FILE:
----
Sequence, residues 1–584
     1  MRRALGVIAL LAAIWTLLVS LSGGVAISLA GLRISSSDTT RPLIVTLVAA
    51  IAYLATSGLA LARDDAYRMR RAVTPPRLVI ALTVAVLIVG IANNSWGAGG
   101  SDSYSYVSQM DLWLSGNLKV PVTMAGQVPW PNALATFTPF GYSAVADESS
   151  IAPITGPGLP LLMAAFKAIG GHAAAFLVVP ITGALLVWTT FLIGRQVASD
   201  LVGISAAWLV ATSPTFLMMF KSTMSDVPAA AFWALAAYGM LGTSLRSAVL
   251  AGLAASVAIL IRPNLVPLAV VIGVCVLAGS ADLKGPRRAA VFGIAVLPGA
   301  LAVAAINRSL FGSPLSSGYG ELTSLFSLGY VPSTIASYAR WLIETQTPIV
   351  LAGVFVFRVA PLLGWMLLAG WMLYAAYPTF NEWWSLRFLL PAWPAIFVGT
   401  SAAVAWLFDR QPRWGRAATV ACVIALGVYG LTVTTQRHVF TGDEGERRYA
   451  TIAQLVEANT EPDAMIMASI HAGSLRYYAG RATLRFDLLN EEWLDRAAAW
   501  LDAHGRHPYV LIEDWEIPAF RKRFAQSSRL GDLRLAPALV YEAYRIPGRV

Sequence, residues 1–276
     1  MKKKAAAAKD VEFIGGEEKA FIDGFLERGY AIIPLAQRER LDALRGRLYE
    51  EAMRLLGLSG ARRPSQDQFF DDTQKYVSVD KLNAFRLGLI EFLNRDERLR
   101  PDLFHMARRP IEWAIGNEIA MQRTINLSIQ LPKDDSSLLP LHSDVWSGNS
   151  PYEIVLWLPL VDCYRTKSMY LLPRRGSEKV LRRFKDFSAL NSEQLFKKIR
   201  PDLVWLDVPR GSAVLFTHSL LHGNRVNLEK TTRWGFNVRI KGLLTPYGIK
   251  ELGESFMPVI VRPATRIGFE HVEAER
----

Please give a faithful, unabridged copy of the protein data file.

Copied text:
Sequence, residues 1–584
     1  MRRALGVIAL LAAIWTLLVS LSGGVAISLA GLRISSSDTT RPLIVTLVAA
    51  IAYLATSGLA LARDDAYRMR RAVTPPRLVI ALTVAVLIVG IANNSWGAGG
   101  SDSYSYVSQM DLWLSGNLKV PVTMAGQVPW PNALATFTPF GYSAVADESS
   151  IAPITGPGLP LLMAAFKAIG GHAAAFLVVP ITGALLVWTT FLIGRQVASD
   201  LVGISAAWLV ATSPTFLMMF KSTMSDVPAA AFWALAAYGM LGTSLRSAVL
   251  AGLAASVAIL IRPNLVPLAV VIGVCVLAGS ADLKGPRRAA VFGIAVLPGA
   301  LAVAAINRSL FGSPLSSGYG ELTSLFSLGY VPSTIASYAR WLIETQTPIV
   351  LAGVFVFRVA PLLGWMLLAG WMLYAAYPTF NEWWSLRFLL PAWPAIFVGT
   401  SAAVAWLFDR QPRWGRAATV ACVIALGVYG LTVTTQRHVF TGDEGERRYA
   451  TIAQLVEANT EPDAMIMASI HAGSLRYYAG RATLRFDLLN EEWLDRAAAW
   501  LDAHGRHPYV LIEDWEIPAF RKRFAQSSRL GDLRLAPALV YEAYRIPGRV

Sequence, residues 1–276
     1  MKKKAAAAKD VEFIGGEEKA FIDGFLERGY AIIPLAQRER LDALRGRLYE
    51  EAMRLLGLSG ARRPSQDQFF DDTQKYVSVD KLNAFRLGLI EFLNRDERLR
   101  PDLFHMARRP IEWAIGNEIA MQRTINLSIQ LPKDDSSLLP LHSDVWSGNS
   151  PYEIVLWLPL VDCYRTKSMY LLPRRGSEKV LRRFKDFSAL NSEQLFKKIR
   201  PDLVWLDVPR GSAVLFTHSL LHGNRVNLEK TTRWGFNVRI KGLLTPYGIK
   251  ELGESFMPVI VRPATRIGFE HVEAER